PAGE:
Today there are so many different lubes on the market, there’s definitely something for every desire. No one needs to be rubbed the wrong way.
Most modern lubes are relatively thin. Some are available in thicker gel-like solutions. None are thick and sticky like the red grease used to pack bearings.
Side note to mechanics and others: Petroleum products like Vaseline, baby oil, and axle grease never make good lube. They can cause irritation, infection, and break down toys and barriers.
Lubes come in three basic varieties: Water-soluble, glycerin-based, and silicone-based.
Water-soluble lubes tend to rinse off, and out, of the body easily, and are therefore least likely to irritate. They’re condom and toy safe. However, they may need to be reapplied during use.
Glycerin-based lubes are slipperier than water-based. They’re safe with toys. However, some women find that glycerin-based lubricants can trigger yeast infections. Glycerin is, chemically, refined from glycerol, a sugar alcohol. It makes a super-slick, sweeter-tasting lube, but can cause the same problems as that porn film favorite, whipped cream (although without the silly mustache).
Silicone-based lubes are the slipperiest but have a texture more like oil. While they’re eventually absorbed by the body (and are reportedly non-toxic), they don’t wash off as easily as the water-based products, especially when used internally. They can be used in the water. (Although I can’t vouch that they’re good for your hot tub’s filter!) They’re not safe for use with some toy and barrier materials, including silcone, Cyberskin, and Softskin, but provide lots of long-lasting slipperiness for high-friction activities. They’re also the most expensive.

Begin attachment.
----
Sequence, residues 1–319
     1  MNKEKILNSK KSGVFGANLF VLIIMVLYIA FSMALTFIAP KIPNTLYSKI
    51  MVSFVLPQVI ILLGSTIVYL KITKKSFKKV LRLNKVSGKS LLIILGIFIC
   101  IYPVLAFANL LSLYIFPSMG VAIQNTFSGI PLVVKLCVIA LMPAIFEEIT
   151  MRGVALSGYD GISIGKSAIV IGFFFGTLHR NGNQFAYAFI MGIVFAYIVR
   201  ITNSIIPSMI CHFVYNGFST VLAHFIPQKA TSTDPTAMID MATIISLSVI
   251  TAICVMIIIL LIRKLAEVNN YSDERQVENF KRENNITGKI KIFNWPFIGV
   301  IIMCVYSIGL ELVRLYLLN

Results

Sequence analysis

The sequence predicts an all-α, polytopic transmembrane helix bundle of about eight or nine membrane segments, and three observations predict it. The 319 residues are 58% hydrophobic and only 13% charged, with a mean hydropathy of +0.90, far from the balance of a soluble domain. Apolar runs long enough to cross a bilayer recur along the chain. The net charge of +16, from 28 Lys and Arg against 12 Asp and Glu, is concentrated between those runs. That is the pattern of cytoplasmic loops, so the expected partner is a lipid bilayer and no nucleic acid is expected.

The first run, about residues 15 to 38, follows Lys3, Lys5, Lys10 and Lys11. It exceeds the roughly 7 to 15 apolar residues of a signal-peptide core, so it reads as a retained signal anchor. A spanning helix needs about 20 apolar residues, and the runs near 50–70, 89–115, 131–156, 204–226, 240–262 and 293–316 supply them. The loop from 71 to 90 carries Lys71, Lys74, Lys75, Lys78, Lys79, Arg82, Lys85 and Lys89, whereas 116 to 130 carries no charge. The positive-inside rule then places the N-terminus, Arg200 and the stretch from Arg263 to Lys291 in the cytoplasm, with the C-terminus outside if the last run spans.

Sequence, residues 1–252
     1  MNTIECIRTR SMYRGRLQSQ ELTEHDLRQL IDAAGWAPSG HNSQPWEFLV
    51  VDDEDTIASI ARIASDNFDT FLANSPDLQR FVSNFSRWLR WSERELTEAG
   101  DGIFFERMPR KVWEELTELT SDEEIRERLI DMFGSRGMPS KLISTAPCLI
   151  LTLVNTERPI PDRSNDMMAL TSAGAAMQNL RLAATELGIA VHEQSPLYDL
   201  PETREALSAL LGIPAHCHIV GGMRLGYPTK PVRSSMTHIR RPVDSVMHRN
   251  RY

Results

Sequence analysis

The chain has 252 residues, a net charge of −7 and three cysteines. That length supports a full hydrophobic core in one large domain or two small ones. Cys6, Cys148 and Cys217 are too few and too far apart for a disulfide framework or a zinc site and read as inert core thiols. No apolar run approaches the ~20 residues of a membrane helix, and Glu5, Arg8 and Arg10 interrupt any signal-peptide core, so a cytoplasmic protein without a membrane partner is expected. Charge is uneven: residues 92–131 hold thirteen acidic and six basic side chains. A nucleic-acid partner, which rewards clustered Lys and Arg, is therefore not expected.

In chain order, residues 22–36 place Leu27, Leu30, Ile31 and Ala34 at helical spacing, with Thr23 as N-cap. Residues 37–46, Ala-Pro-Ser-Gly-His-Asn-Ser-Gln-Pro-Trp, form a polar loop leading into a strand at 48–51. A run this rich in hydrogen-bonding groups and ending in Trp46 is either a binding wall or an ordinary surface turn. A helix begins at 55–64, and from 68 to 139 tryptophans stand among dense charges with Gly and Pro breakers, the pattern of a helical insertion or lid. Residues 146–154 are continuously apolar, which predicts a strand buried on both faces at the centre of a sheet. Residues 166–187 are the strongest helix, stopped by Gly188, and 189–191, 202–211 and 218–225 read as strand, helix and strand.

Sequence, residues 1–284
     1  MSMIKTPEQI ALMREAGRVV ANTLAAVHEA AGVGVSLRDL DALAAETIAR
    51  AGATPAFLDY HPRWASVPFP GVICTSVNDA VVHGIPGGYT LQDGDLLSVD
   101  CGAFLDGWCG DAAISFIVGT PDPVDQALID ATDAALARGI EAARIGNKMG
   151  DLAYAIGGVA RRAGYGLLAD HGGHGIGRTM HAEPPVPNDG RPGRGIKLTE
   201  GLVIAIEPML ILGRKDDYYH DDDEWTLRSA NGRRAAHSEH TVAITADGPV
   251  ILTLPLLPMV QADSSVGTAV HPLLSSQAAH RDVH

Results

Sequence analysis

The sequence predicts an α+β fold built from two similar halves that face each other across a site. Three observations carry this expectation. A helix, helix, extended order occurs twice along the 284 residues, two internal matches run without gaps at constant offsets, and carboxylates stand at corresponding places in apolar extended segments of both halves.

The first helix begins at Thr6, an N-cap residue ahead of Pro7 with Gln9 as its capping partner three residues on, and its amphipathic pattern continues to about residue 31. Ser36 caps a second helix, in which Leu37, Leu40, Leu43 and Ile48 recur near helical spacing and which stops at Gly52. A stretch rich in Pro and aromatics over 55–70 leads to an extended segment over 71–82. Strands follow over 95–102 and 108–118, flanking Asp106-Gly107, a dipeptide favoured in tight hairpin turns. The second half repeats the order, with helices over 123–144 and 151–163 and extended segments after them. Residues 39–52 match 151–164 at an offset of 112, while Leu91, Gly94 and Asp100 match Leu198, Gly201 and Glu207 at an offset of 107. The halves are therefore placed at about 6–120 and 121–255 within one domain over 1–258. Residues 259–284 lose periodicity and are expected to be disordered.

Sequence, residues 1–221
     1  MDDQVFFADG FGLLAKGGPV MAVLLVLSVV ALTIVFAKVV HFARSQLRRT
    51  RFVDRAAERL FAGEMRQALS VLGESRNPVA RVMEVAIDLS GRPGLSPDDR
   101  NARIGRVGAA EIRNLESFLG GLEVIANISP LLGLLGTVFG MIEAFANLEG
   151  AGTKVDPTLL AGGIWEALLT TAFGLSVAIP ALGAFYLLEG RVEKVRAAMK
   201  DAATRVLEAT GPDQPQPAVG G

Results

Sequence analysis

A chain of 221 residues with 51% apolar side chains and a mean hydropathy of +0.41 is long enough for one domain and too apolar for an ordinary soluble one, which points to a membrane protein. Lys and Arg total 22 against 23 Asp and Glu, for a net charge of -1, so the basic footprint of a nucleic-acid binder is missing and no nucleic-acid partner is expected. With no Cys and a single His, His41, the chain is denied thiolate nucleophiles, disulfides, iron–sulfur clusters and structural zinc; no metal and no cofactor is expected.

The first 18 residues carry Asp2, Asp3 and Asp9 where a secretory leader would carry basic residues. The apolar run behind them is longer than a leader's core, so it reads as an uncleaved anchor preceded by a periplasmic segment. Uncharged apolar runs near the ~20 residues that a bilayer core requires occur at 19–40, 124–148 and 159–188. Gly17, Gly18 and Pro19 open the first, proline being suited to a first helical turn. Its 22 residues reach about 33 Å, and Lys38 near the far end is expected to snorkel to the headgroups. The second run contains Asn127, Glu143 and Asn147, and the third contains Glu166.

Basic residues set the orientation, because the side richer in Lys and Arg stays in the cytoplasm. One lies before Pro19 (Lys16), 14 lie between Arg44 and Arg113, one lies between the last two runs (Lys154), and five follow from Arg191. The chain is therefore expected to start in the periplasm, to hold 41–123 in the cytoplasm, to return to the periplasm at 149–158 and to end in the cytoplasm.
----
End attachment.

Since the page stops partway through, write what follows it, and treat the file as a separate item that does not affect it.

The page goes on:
Amongst all these lube choices are options that are thicker, thinner, flavored, self-warming, and minty-fresh. Some have all-natural ingredients. Any good purveyor of sex accessories like Good Vibrations or Babeland will sell a variety of lubes and be able to provide information about their products’ uses, restrictions, qualities, and ingredients. Some shops even sell sampler packets so you can try a variety. Familiar drugstore labels like KY and Astroglide have introduced new products in recent years with more of the features of boutique brands, including products that double as personal massage oils.
So, if you’re lube-a-phobic, broaden your horizons and try some of the options available.
And, to the woman who asked the question, I’ll ask this one in return: If your new girlfriend wants lube and says it will make sex better for her, why the heck aren’t you sprinting out to get her some?